Introduction: Despite its minimally invasive nature, percutaneous nephrolithotomy (PCNL) can be associated with significant postoperative pain and opioid requirements, which may prevent timely discharge and recovery. The erector spinae plane (ESP) block, first described as a single injection for treating thoracic neuropathic pain, has been applied to retroperitoneal surgeries. We sought to study whether continuous ESP blocks—either via continuous pump infusion or by single injection at time of surgery—lead to better postoperative pain control and decreased opiate requirements after PCNL.
Methods: We retrospectively reviewed PCNL cases in patients without chronic opiate use and without comorbidity resulting in moderate or severe functional limitation who stayed in house for at least 23 hours. Those who accepted an ESP block were compared to those who did not receive a block. For block administration, patients were positioned prone and ultrasound guidance was used to advance a catheter to the depth of the erector spinae muscle plane superficial to the 10th transverse process. Patients received either a single injection or a disposable ambulatory pump delivering intermittent boluses of ropivacaine 0.2% (15mL automatic bolus every 2 hours with 5 ml patient-controlled bolus available every 30 minutes). Demographic and perioperative data were analyzed. The primary outcomes were opiate use measured in morphine equivalent dose (MED) and patient reported pain scores during the first 24 hours of hospitalization, as assessed by nursing staff at regular intervals.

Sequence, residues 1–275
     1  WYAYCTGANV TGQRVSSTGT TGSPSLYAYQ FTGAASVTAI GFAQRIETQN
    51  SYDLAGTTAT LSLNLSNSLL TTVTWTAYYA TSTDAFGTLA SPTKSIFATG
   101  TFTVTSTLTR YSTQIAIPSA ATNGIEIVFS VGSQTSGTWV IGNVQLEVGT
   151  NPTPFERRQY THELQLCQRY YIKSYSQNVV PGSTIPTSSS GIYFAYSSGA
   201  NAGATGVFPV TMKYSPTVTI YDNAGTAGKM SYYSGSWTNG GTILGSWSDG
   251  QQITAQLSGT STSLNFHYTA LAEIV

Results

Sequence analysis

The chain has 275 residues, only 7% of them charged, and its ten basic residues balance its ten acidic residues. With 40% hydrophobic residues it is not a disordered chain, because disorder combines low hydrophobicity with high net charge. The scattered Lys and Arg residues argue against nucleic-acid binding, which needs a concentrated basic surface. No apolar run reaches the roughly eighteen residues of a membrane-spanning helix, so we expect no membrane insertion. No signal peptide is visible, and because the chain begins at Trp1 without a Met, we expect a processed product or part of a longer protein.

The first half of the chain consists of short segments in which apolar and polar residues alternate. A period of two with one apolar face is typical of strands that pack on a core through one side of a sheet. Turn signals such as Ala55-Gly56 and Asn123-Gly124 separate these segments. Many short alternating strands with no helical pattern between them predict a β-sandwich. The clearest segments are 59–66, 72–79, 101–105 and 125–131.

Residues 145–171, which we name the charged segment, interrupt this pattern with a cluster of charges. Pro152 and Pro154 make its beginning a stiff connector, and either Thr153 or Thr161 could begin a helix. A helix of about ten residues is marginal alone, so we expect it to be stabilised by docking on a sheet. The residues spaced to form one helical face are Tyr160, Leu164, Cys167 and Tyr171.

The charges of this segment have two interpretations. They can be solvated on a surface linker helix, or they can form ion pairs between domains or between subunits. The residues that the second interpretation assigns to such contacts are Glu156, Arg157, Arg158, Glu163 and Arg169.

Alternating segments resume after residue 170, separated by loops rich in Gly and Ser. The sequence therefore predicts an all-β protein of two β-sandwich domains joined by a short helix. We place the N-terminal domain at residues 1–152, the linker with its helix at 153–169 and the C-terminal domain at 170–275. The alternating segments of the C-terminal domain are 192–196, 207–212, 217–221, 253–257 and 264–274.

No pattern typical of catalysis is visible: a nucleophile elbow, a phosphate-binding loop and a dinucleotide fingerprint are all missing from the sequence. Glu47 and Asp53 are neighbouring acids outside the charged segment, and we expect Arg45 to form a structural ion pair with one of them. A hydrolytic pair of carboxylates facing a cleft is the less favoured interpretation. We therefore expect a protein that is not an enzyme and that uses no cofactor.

Results: 44 patients were identified from March 2019 to August 2021. Average stone size 27.6 8.6-53) mm and operative time 99 (49-170) minutes. 31 patients received an ESP block, of which 16 were continuous blocks. The patients who received blocks had significantly decreased opiate use (18.1 vs 89.7mg MED, p=.0090), lower self-reported pain scores during the first 24 hours after surgery and higher reported satisfaction with the procedure. Continuous blocks had similar opiate use to single shot blocks (20.3 vs 15.7mg MED, p=.53), but patients experienced longer duration of self-reported pain control. Patients reported ease of use with the disposable pump system.
Conclusions: Erector spinae plane blocks offer an effective adjunct method for pain control after PCNL. Continuous ESP blocks may offer superior duration of pain control, decreasing the need for opiates and possibly enhancing the recovery process via a pump that can be taken home. This approach can help facilitate same day surgical discharges as well as opiate sparing surgical pathways.